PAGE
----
Be Sure to Bring Your Coffee!
Students should abroad expecting entirely new experiences. This includes new experiences in how university-level classes are scheduled, a process that is different in both Ukraine and Russia from what most students are used to in the United States.
While abroad in Kyiv, Ukraine (PCON Program) and St. Petersburg, Russia (Society, Business, and the Arts), my programs with SRAS included 20 hours of Russian language per week. This intensive schedule was quite an adjustment at first. When I first arrived in Kyiv, I found having four straight hours of Russian to be a bit tiresome, but manageable nonetheless. By the time I arrived in Russia, I considered myself to be well acclimated to the long hours.
However, transitioning from a private language school in Ukraine, which runs a fairly tight and stable scheduling process to a Russian public university, which… does not…. was an additional change to acclimate to.
My spring semester at the Saint Petersburg State University of Economics included my weekly 20 hours of Russian, in addition to four elective courses. Coming from an American university where students are given a set syllabus at the beginning of a course, I was slightly overwhelmed when I learned that our elective schedule would be posted on a weekly basis. So, a typical semester-long schedule with Monday/Wednesday/Friday or Tuesday/Thursday classes that I was accustomed to doesn’t really exist in Russian universities. Instead, the elective courses only lasted roughly 3-6 weeks, and the classes would meet 1-2 times weekly for about 4 hours. Although out Russian language courses remained fairly consistent in their scheduling, our elective class schedules changed weekly. There were some weeks when I only had Russian class and then a whole bunch of free time. On the flipside, there were some weeks when I wouldn’t have time to eat lunch until nine-o-clock at night.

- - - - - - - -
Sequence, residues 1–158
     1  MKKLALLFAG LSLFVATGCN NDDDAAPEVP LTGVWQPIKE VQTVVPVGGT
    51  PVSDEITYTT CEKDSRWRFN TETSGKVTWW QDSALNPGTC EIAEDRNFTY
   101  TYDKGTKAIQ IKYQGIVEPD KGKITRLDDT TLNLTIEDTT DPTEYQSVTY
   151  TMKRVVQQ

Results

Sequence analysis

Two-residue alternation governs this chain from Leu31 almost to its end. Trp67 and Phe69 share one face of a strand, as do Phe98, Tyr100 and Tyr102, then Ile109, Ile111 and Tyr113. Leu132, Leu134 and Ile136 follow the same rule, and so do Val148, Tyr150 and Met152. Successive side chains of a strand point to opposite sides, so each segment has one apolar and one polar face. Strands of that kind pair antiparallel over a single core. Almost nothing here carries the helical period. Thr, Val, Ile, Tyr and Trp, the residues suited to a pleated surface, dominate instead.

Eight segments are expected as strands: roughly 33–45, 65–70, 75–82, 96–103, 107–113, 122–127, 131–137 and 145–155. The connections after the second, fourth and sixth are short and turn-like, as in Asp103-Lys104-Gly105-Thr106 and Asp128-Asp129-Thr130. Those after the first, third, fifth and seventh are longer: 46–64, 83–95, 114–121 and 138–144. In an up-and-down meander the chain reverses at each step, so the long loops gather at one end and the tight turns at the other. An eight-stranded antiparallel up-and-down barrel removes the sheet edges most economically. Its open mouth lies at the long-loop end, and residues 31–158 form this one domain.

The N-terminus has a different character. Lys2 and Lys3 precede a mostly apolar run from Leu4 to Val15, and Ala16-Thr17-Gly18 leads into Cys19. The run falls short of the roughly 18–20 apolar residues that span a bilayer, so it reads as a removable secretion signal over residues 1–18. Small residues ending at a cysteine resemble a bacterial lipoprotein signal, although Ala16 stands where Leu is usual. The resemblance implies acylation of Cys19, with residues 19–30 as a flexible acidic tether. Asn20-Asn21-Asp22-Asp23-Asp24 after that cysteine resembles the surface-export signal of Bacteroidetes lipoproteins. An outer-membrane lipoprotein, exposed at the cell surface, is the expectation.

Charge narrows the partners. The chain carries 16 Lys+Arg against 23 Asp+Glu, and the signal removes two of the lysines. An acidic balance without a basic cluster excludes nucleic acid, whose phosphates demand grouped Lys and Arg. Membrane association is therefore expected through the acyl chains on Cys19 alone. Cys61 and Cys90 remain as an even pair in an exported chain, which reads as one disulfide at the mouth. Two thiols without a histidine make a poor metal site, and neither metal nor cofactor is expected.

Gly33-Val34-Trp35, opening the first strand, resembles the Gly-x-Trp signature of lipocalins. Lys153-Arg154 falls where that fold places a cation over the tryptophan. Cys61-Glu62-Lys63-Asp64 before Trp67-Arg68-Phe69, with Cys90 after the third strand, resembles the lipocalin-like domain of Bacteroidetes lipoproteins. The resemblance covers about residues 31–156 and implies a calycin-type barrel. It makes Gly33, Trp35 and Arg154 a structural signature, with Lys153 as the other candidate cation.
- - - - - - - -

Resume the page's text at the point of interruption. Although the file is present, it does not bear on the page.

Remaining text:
At first, I absolutely hated this scheduling system. As a perpetual planner, the constantly-changing schedule drove me insane, especially when I was trying to plan city excursions and travel arrangements. I also hated the disproportion that stemmed from this system; there were numerous days when I would be in class from 9 am to 9 pm, with only a small break in between to grab a coffee and small snack. While snacking in class is far more frowned upon in Russia than it is in the U.S., most of our professors were incredibly understanding of our extensive schedules and would encourage us to bring a small snack with us to keep us fueled and focused.
In the beginning, our coordinator sent us a rough outline of the semester schedule; however, we were forewarned that the schedule was subject to change, especially on a last-minute notice. This did indeed happen quite a few times, causing a few problems with pre-arranged travel plans for some of my fellow classmates and me. However, our professors were well aware how tricky the class arrangements could be, and they would often find alternative assignments for us to complete if our scheduling conflicts resulted in an absence.
While this scheduling method was stressful at first, I found myself greatly appreciating it after a few months. The long hours, of course, weren’t always ideal, but completing an elective in 3-6 weeks and not having to worry about it for the rest of the semester sure was refreshing! I was also able to take an extended trip to the Baltic states, which I wouldn’t have been able to do if I was on a normal American class schedule. I also found the professors to be a bit more interactive with their students in order to keep the class engaged throughout the lengthy sessions. All in all, what started out as a major inconvenience turned out to be a great way to take classes while studying abroad. For anyone planning on studying in St. Petersburg, I would recommend just being patient with the schedule and embracing all the good that will come from its flexibility! I truly consider it to have been a blessing in disguise!